Thanksgiving in Toronto 2012
Thanksgiving in Toronto is rapidly approaching, and already promises to be a beautiful thing. The leaves are changing colours, restaurant menus are featuring heartier fare, and by this weekend, it'll be good and proper scarf weather. Whether you're having a quiet dinner at home or going out, we have you covered with events, pesky holiday Monday closures, and where to pick up everything you need for a veritable feast.
Nothing says the onset of autumn like a day spent amidst fresh produce, and a trip to your local farmers' market is sure to inspire ideas for Thanksgiving dinner. Your best bets include the Leslieville Farmers' Market's (Sunday, 9am-2pm) harvest celebration, featuring loads of pumpkin pies, pumpkin pie popsicles from Augie's Ice Pops, and all the squash, corn and sweet potatoes you can handle.
Ever the lazy man's early fall activity (and for some, akin to watching paint dry), celebrating the changing colours of the leaves can nevertheless be a fun afternoon (provided you pack a picnic and maybe some spiked apple cider). 'Official' celebrations, replete with guided walks, will be underway beginning on Saturday at the Kortright Centre for Conservation, although those lacking a car can stroll through pretty much any wooded area for a glimpse at yellowing leaves.
If what you're most thankful for this year happens to be Toronto's thriving electronic music scene (or you just want to sweat off the holiday turkey), stop by Give Thanks, an evening of DJ sets at Loft 580 (580 King Street West) at 10pm. $15 advance tickets available.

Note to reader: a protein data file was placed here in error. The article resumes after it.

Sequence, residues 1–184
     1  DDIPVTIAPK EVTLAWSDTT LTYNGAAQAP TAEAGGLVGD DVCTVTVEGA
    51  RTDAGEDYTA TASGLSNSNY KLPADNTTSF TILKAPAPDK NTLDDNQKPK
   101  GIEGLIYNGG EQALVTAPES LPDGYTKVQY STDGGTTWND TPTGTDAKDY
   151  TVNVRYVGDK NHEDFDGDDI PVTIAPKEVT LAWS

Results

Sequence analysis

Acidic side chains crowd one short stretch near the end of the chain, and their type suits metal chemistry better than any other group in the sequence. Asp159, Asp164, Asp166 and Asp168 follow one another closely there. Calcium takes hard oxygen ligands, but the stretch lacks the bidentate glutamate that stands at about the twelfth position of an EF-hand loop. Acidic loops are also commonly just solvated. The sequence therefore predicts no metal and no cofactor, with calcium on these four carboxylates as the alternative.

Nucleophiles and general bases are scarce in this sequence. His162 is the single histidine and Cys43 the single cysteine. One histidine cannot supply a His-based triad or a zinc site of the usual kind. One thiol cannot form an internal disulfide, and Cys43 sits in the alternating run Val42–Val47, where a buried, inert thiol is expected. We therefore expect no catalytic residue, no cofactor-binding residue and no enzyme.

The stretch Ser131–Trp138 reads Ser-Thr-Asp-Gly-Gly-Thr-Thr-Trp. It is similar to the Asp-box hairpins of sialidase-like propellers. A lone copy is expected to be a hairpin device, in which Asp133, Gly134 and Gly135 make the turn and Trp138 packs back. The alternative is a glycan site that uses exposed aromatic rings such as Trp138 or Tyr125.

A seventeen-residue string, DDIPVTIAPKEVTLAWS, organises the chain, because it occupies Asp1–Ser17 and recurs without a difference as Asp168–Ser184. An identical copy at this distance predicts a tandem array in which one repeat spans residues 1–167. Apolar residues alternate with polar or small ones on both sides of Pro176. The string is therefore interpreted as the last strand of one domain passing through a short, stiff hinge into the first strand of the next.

Let's not forget our furry friends this Thanksgiving. The Woofjocks Canine Performance Team will be showing off tricks from Saturday to Monday (11-5pm) at PawsWay (245 Queen's Quay W.).
Pop Lobster: Pumpkin Spice Edition
Tomorrow (October 5), lady DJ-duo Short Stacks and Little Kicks take over the Magpie Taproom (831 Dundas St. West) for the monthly event Pop Lobster. It's not really Thanksgiving-themed, but it's a good kick-off to the long weekend.
Mavrik Wine Bar is hosting another instalment of their community-minded market on Saturday (October 6), with drinks, live music, and goodies from The Antique Appetite, Knead Bakery and Yummsies.
Thanksgiving at the Village
Black Creek Pioneer Village, that is. There are few more on-paper appropriate places to spend your Thanksgiving, and Black Creek is offering up a weekend of reservations-required dinners (Sunday and Monday, 12pm, 2:30pm, and 5pm seatings), horse-drawn carriage rides, and even a chance a the first-come, first-served specialty ale at the Historic Brewery. Rumour has it the new brew will be Sweet Stout--decadence, thy name is Stout.
- If you're stuck on the idea of a full-on gourmet turkey dinner, but lack the necessary energy/willpower/basic skills, consider Thanksgiving dinner at a restaurant
- No Thanksgiving (hell, even autumn) dinner is complete without a hefty helping of pumpkin pie, so check out our list of 10 bakeries that are selling oven-fresh pumpkin pie
- For the Martha Stewarts and Jamie Kennedys among you: a home-cooked turkey feast deserves the very finest birds this city has to offer. You could pick up a turkey of mysterious origins and diet from Loblaws (not to besmirch its good name), but why not splurge on one from Sanagan's or the Healthy Butcher. Here's our list of Toronto's best places to get a turkey.
- If you prefer a more relaxed approach to turkey--nestled in a bun rather than staged and slathered on a plate--you'll want to check out our list of the best turkey burgers in Toronto. For something a little different, try Museum Tavern's turkey confit torpedo.
- Not everyone loves turkey (it's true), so for those looking to deviate from the traditional dinner, stop in at some of Toronto's best butcher shops to see what glorious cuts of meat they have on offer.
The giving of thanks is in the name of the holiday itself (can't get much more heavy-handed than that), so please donate non-perishable food items, money, or your time (in the form of food sorting or food distribution) to local food banks such as Yonge Street Mission and North York Harvest.